New Amazon Patent: Noise-Canceling Headphones That Listen for Your Name

Learn more about the Most Important Features when buying headphones. If you’ve been paying attention to Amazon’s work for the past several years, you know they have been pushing hard into tech innovation with Kindle Fire, Echo, Alexa, and more. Well, another upcoming Amazon innovation has been uncovered, and this time it looks like one of the best noise-canceling headphones we’ve seen, particularly for Amazon fans.

Of course, noise-canceling headphones are exactly unique: They use a receive device to monitor consistent external noise, then create a frequency designed to neutralize that noise, leading to a clearer sound experience. Pricey, but effective for long commutes on public transit, study sessions, and so on.

One of the problems with noise-canceling technology is the safety concern. If the feature is on, you may not be able to hear important audio clues around, like a car horn honking or someone shouting at you to move. Here’s where Amazon’s headphone patent gets interesting. The patent includes a feature that allows the noise-canceling microphone to also listen for important audio cues, such as a car horn honking or someone shouting out your specific name. This way, the noise cancellation interrupts if the microphone senses a problem – it also allows your friends to get your attention by calling out your name (quite a few parents probably like the sound of that, too).

Amazon Headphones
Amazon does have a few headphones under its own brands, but nothing like this so far.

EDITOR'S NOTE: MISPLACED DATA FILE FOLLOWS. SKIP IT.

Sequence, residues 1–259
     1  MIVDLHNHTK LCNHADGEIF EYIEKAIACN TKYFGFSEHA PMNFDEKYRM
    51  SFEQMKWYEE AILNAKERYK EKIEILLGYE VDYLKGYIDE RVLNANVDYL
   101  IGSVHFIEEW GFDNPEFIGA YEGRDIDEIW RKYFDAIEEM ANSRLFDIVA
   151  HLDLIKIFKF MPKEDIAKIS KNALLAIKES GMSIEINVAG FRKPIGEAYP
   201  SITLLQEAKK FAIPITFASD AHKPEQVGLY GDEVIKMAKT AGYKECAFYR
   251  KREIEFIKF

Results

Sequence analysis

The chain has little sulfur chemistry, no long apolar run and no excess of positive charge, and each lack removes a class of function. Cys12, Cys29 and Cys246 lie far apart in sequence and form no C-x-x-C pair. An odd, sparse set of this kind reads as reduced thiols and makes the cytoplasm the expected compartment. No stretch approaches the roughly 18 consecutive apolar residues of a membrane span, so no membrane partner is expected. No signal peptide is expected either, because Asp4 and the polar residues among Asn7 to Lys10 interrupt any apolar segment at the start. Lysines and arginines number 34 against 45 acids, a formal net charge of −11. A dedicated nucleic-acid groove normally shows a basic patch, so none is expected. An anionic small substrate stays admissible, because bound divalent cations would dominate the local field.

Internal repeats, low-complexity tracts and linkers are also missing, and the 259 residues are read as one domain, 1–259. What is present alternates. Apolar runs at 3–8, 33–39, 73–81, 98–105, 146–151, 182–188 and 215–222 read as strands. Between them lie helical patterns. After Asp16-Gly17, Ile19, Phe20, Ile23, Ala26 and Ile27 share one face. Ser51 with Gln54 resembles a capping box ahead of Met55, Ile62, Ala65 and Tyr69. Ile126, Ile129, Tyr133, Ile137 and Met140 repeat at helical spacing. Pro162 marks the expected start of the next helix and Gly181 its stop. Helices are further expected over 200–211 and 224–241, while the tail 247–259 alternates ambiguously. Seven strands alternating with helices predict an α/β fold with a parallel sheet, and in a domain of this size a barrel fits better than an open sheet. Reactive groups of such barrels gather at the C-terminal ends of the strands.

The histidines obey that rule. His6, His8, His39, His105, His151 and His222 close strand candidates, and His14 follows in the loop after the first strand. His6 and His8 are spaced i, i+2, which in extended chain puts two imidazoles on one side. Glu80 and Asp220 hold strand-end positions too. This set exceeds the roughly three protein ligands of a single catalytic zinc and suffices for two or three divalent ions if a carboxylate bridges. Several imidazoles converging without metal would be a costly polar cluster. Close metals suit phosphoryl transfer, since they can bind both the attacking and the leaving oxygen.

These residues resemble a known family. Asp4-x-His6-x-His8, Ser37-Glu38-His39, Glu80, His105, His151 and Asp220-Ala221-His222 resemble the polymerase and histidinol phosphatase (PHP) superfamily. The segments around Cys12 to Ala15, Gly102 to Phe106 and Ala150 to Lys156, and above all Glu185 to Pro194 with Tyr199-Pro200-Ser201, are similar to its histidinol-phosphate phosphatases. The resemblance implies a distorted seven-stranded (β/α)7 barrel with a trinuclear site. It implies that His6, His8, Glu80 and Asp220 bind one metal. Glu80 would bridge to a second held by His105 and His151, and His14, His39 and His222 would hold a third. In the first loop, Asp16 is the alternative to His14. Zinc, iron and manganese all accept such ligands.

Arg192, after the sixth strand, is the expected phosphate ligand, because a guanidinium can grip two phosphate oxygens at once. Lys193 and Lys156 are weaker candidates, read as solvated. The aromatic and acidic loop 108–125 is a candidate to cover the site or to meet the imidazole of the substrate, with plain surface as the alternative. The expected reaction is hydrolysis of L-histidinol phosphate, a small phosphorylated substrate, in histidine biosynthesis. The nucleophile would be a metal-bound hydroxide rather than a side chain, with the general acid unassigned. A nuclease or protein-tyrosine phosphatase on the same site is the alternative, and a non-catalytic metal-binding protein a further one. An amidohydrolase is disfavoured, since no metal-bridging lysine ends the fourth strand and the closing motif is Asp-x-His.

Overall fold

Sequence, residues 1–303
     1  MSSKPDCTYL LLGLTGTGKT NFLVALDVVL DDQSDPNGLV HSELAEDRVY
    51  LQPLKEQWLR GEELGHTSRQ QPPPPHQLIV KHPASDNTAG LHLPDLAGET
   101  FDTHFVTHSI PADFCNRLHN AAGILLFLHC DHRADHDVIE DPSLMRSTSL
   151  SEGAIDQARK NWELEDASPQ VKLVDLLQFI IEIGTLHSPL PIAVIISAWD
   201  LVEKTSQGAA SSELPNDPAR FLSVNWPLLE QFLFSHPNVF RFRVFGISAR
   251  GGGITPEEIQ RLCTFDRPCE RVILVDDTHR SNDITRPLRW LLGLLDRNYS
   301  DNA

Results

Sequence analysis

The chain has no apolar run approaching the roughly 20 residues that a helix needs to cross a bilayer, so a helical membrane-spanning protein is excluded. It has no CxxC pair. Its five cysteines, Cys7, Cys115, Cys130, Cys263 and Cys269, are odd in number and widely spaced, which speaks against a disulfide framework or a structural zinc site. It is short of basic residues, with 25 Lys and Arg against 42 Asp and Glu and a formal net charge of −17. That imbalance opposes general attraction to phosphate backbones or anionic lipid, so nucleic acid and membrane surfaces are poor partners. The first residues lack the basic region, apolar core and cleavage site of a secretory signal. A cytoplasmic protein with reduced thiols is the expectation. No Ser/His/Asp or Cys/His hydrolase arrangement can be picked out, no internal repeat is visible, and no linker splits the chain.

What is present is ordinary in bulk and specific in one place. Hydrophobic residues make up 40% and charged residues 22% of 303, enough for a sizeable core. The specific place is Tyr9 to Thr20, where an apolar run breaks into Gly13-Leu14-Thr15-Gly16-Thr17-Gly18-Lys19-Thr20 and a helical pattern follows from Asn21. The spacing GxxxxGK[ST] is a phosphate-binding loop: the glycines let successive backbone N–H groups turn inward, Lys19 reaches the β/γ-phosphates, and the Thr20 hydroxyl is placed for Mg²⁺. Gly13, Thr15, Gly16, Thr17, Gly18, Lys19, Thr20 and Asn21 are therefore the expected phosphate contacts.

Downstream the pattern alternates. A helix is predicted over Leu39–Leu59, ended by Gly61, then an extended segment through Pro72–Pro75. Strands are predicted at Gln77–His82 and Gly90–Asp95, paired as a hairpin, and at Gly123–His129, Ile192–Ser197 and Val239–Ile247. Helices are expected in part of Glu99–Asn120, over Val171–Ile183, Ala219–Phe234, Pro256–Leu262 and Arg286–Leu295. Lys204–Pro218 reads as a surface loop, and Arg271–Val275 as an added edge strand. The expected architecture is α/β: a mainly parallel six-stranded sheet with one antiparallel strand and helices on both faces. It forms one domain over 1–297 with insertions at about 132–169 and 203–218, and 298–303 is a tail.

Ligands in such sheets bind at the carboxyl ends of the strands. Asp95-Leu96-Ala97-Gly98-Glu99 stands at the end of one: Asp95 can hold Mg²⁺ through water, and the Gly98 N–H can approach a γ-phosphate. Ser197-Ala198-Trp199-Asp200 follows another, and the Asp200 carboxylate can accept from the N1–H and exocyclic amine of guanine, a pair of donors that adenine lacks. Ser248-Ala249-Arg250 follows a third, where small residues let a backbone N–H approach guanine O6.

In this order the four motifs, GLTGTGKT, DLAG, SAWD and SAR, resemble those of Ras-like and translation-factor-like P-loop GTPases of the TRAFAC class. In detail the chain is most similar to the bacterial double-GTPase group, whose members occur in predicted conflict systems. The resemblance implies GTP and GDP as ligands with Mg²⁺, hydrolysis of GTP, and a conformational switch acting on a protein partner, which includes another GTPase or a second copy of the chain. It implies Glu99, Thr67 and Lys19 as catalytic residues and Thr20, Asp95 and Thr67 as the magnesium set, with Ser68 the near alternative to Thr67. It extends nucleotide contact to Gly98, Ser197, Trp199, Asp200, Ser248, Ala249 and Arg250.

There are signs that the recognition feature could be tailored to other types of specific noise or perhaps even speech patterns and voices, allowing you to customize just what interrupts your music and what stays shut out.

This looks exciting, and we’re happy to wait and see what comes of it – if anything. Music fans may not appreciate their song being interrupted every time a sibling or friend decides to shout their name (it probably isn’t too great for guys called “Al” either). But if nothing else, Amazon may be able to use this feature as a cool new trick for Alexa and the Echo devices, so it’s really a win-win.

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Tyler Lacoma

When he isn't enjoying the beautiful Northwest outdoors, you can find Tyler on business and tech sites, writing about the latest news, analyzing trends, and generally making the Internet a more interesting place.

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